ozymandias wrote:what was parity ram? I once choose edo above normal ram for my 2nd pc, but cannot remember the use of parity ram anymore.
Parity RAM was RAM which had an extra check bit stored per byte of memory. This allowed the system to detect single-bit memory errors, and trigger a system halt. The reasoning being that it was better to halt the system than to (potentially) propagate corrupted data.
Parity RAM fell out of favor on consumer PCs for cost reasons, and because early versions of Windows were so buggy and unstable that errors caused by random "soft" memory errors were lost in the noise. And there was the whole "fake parity" scandal... look it up if you're interested in some good geeky history.
With the move to 64-bit wide DIMMs, it became possible to provide ECC (where single-bit errors are corrected transparently) for the same cost (in terms of additional DRAM bits) as parity -- current ECC DIMMs are 72 bits wide, with one additional ECC bit per byte. The ECC bits are calculated in a way that allows all single-bit errors to be corrected transparently, and most multi-bit errors to be at least detected. I was sorely disappointed that ECC did not become the norm; Intel decided to segment their product line by reserving ECC support for workstation/server class chipsets/CPUs. Most motherboard vendors opted not to implement ECC even for AMD systems, even though most AMD chipsets and CPUs have supported ECC since the original Athlon (some low-end Semprons and the newer APUs being notable exceptions to this). AMD ECC support is one of the reasons Asus remains at the top of my motherboard short list to this day.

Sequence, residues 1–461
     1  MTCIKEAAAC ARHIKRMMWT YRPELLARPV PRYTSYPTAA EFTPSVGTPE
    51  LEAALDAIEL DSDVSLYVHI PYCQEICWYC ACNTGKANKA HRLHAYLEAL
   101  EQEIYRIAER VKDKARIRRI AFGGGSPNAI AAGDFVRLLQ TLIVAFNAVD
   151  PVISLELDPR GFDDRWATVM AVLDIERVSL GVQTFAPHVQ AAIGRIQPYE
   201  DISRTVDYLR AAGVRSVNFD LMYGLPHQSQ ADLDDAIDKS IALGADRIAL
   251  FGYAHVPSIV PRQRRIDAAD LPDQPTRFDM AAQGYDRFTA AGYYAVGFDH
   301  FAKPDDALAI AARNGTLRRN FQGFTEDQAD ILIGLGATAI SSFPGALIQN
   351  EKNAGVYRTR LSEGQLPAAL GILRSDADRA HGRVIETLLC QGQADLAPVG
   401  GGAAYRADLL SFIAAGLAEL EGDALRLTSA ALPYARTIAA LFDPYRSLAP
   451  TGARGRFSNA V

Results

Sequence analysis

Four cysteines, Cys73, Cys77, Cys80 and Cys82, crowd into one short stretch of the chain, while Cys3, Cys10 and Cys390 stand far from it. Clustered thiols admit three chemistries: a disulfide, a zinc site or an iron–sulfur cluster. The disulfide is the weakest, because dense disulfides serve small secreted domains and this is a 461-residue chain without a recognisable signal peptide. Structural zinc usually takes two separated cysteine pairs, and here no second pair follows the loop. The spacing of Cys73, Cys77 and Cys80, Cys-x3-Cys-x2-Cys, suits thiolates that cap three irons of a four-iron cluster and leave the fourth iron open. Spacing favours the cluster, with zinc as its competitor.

The years just pass like trains. I wave, but they don't slow down.
-- Steven Wilson